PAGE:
On this date, in 1973 the Roe v Wade decision came down from the Supreme Court not only legalizing nationwide access to abortion but recognizing the right to privacy, which affects many more issues. Unfortunately, that decision was overturned recently, so the fight continues. In 1890 the United Mine Workers Union was organized in Columbus, Ohio, which helped fight for workers’ rights in a particularly hazardous workplace. And in 1992 the avenues for female empowerment expanded with the swearing-in of the first female Secretary of State – Madeleine Albright. In 2006 Eva Morales became the first indigenous President of Bolivia – a first for Latin America.
There were military activities on this historical date- in 1506 the first contingent of 150 Swiss Guards arrived at the Vatican. In 1905 protestors were fired upon by Russian troops in St Petersburg, beginning the unsuccessful 1905 Russian revolt – dubbed Bloody Sunday. And in 1917 The US formally entered WWI.
In 1998 the notorious Unibomber, Ted Kaczynski, was sentenced to 4 life imprisonment terms. 1946 saw the creation of the predecessor of the CIA. And 1984 brought us the famous Apple Mac Superbowl ad.
A trio of British poets were born on this date – George Gordon, Lord Byron in 1788; Sir Walter Raleigh (also an explorer) in 1552; and 1573 Jon Donne who famously reminded us that “no man is an island”. We also welcomed in Francis Bacon, English statesman and philosopher in 1561, and Billy Kidd, English privateer and later pirate.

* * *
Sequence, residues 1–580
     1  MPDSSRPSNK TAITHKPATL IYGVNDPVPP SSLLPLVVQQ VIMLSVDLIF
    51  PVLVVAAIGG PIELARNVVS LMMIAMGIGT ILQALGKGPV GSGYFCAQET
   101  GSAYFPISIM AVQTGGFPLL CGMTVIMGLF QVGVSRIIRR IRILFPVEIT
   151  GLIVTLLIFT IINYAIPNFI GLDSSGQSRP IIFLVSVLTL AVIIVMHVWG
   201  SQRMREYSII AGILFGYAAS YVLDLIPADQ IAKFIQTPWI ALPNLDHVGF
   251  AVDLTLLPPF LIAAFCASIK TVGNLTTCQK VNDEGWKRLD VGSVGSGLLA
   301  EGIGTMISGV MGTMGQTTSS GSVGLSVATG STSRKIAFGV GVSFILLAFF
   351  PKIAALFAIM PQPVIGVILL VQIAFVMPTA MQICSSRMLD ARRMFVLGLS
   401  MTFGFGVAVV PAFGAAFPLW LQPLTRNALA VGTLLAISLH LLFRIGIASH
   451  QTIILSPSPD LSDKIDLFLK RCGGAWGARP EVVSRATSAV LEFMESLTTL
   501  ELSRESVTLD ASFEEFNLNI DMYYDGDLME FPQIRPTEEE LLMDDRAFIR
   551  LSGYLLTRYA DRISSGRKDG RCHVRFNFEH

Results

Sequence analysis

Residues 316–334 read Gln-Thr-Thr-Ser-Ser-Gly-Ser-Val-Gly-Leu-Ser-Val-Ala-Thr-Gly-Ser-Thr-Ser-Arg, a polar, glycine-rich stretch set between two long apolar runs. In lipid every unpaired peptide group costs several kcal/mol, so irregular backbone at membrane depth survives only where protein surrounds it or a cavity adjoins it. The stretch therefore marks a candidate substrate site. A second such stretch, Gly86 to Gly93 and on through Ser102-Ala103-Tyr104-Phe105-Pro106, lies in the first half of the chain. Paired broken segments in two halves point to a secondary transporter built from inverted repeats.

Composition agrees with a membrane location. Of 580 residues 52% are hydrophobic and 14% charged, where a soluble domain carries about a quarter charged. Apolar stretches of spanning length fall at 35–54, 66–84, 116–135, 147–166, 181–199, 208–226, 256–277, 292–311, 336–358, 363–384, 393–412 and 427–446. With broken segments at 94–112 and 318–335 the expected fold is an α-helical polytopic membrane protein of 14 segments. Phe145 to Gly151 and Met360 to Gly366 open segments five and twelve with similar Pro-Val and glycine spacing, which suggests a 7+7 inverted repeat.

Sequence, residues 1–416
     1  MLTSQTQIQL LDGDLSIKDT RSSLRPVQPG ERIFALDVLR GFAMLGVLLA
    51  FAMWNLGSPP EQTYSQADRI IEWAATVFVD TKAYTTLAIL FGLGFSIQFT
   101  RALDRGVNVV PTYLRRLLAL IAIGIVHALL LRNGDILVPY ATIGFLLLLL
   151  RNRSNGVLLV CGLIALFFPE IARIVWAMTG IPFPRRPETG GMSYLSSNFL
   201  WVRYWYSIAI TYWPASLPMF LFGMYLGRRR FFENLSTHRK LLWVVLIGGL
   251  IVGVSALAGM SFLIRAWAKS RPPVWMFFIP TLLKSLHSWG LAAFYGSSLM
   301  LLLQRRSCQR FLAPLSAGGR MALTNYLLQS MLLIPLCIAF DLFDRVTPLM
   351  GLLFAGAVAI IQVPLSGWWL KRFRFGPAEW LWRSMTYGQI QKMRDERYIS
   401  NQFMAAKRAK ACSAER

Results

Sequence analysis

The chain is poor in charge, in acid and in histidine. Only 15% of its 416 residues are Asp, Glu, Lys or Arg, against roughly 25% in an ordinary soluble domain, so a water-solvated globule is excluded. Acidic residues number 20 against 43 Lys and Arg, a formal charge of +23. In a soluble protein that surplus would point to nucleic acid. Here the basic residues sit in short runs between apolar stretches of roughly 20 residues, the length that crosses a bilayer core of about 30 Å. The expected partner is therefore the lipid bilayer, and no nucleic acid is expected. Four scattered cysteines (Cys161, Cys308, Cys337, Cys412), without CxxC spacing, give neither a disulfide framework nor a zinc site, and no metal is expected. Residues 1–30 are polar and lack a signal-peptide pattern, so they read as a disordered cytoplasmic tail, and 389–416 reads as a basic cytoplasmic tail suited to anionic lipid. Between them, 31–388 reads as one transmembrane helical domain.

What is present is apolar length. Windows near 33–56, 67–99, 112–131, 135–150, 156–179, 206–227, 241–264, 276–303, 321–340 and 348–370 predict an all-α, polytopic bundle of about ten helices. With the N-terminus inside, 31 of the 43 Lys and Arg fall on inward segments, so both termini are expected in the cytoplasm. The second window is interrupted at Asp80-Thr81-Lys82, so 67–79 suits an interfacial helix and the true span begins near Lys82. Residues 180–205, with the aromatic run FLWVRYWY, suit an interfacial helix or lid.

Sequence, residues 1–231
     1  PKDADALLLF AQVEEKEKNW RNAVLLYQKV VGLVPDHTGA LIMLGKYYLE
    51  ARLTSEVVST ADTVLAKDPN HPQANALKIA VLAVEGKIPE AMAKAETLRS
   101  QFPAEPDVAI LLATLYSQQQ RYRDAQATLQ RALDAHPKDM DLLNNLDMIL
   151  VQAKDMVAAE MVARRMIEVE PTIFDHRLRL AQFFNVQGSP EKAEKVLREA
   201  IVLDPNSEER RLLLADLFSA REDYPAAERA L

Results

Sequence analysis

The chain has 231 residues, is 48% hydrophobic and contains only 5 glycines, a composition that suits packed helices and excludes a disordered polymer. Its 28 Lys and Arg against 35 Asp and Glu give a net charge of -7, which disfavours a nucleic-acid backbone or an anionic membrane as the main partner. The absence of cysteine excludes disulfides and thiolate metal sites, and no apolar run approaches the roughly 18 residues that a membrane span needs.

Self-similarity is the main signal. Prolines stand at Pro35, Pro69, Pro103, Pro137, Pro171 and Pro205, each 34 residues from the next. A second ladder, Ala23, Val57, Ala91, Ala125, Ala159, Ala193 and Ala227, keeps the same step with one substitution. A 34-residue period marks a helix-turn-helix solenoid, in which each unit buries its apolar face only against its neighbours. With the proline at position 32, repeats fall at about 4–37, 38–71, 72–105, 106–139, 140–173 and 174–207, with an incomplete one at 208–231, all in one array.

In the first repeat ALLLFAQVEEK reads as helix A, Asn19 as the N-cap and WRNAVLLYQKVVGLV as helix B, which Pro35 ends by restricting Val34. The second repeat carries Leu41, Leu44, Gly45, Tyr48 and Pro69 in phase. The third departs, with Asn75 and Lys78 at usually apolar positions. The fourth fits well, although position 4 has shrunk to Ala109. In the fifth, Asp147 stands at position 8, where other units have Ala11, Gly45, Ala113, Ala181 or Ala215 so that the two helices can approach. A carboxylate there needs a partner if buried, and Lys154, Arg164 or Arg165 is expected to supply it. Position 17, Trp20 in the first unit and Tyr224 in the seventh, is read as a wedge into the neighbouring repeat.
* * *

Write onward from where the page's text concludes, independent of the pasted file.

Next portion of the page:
Over the years we welcomed in disrupters – Grigori Rasputin, Russian mystic known as the “mad monk” in 1869, and D.W.Griffith American filmmaker, and promoter of antisemitism and racial discord, through his film Birth of a Nation, in 1875. And we welcomed in those who united and/or promoted growth -like U Thant (1909), 3rd UN Secretary-General, George Balanchine (1904) dancer, choreographer, and director, founder of the New York City Ballet, and Fred Vinson (1891) 13th Chief Justice of the Supreme Court.
Oddities include Wilbur Scoville (1865) American chemist and pharmacist, who invented the Scoville scale to tell us just how hot each chili pepper is, and Guy Fieri (1968) American chef, author, and television host, who shows us just how to use such peppers.
We said goodbye to standouts in several fields. From right field -just like Babe Ruth, we had the man who endured much to exceed his record – Hammerin’ Hank Aaron in 2021. In the literary field, we bid farewell to soldier and cartoonist Bill Maudlin, who actually saw combat in Italy in WWII and sketched it for us – in 2003, Ursula LeGuin, sci-fi and fantasy great (the Earthsea trilogy among others) in 2018. And we lost notable leaders like Shah Jahan (1666) creator of the Taj Mahal, LBJ – famous for both the Great Society programs and for the quicksand of Vietnam, and in 1901 Queen Victoria,, who at that time was the longest reigning British monarchy – who gave her name to a whole age of British history.
And who can forget Heath Ledger – 10 Things I Hate About You, Knight’s Tale, Brokeback Mountain, and tragically Dark Knight? It seems like just yesterday, but it was 2008.
And please remember that this is the Chinese (Lunar) New Year – who will let the bunnies out?:)
And on a personal note: on this date in 1946 my sister Barb was born. Happy Birthday, sis!